9 Female Orchid Praying Mantis
Like many insect species, the male and female orchid praying mantises of Southeast Asia have evolved to look very different from each other. The male is small and brown while the female mimics the visual appearance of the orchid flowers around which they live. This camouflage allows the females to attract insects as prey and allows the males to avoid detection while they look for a mate.
The result of this species’ evolution is a truly extraordinary female specimen. Female orchid mantises have perfected the art of masquerade. Their limbs are shaped like petals and sport spectacular pink and yellow hues. With bodies that look like fully formed orchids, they are easily mistaken for the real thing and can actually be better at attracting insects than the flowers they mimic. This is despite the fact that orchid mantis females do not mimic any particular species of orchid, but rather a generic combination of orchid-like features.
8 San Francisco Salt Ponds
If you have ever traveled to San Francisco by airplane, you may have noticed a brightly colored patchwork of ponds on the coast below. These are the Cargill Salt Ponds, which have now mostly been sold back to government and non-profit landowners for restoration.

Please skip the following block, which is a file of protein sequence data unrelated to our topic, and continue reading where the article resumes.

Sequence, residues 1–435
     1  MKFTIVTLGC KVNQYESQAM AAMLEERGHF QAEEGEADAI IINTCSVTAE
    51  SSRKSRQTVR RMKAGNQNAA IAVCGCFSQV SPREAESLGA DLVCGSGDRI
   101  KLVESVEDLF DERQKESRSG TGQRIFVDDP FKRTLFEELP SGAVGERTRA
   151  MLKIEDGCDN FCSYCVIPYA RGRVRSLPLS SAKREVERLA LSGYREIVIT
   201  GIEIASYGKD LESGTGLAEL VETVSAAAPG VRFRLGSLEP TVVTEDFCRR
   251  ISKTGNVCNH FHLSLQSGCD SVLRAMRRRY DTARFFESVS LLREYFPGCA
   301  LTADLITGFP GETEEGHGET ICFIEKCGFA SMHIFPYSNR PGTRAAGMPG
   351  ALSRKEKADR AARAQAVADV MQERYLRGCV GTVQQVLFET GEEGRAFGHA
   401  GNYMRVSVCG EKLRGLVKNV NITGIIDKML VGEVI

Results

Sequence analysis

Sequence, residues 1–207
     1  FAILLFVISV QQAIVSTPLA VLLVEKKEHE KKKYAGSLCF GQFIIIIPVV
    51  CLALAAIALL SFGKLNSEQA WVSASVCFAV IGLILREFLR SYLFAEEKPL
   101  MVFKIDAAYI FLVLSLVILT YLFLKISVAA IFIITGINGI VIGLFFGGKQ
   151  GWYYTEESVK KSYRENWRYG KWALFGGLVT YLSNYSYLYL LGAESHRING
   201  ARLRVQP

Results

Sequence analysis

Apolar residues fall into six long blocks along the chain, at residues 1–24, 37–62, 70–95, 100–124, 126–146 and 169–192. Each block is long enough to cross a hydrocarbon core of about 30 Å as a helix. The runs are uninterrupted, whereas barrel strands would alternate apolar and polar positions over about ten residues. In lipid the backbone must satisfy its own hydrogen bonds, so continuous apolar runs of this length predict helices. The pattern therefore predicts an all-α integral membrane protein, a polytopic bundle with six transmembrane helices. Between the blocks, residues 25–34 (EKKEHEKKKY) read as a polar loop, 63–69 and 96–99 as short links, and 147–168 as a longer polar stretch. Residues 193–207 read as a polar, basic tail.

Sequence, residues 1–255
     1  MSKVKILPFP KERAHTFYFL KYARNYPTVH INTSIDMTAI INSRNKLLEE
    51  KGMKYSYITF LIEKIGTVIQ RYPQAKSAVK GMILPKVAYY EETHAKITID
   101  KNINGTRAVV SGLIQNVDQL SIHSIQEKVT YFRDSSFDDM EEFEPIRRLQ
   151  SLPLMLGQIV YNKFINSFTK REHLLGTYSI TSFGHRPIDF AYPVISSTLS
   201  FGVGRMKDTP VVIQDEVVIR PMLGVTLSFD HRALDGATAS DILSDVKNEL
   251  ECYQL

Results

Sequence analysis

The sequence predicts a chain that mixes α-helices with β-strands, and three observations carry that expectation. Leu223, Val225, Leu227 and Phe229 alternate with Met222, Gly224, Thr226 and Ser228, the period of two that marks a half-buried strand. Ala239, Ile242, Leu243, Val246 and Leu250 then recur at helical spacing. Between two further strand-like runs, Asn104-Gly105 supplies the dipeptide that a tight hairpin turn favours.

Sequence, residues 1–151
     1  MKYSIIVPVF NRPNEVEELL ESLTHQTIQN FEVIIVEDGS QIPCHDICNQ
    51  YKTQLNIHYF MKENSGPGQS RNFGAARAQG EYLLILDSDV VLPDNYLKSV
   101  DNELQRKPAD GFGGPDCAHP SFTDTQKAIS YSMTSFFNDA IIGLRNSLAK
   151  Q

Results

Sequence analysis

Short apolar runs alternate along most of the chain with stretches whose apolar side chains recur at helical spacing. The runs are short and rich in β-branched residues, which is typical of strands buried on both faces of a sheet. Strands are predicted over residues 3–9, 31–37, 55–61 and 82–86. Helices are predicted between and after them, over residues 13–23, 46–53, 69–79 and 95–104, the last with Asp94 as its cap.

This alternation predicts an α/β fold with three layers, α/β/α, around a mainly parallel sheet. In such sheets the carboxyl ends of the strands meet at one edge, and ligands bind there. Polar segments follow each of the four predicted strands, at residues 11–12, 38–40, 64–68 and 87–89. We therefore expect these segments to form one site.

For 150 years, salt was one of the city’s primary industries. The salt mines, which covered more than 15 thousand acres, now comprise a massive tidal wetland restoration project. This means the brilliantly colored ponds will not be there forever.
So why did the salt mines create such a colorful landscape? It’s all thanks to a microorganism, a type of algae called Dunaliella. High salt content in water causes the algae to grow into a deep red or coral pink color. In low salt content, the algae grow green.
The remarkable color array of the salt ponds is even noticeable from space; astronauts have used them as a visual marker while orbiting the planet.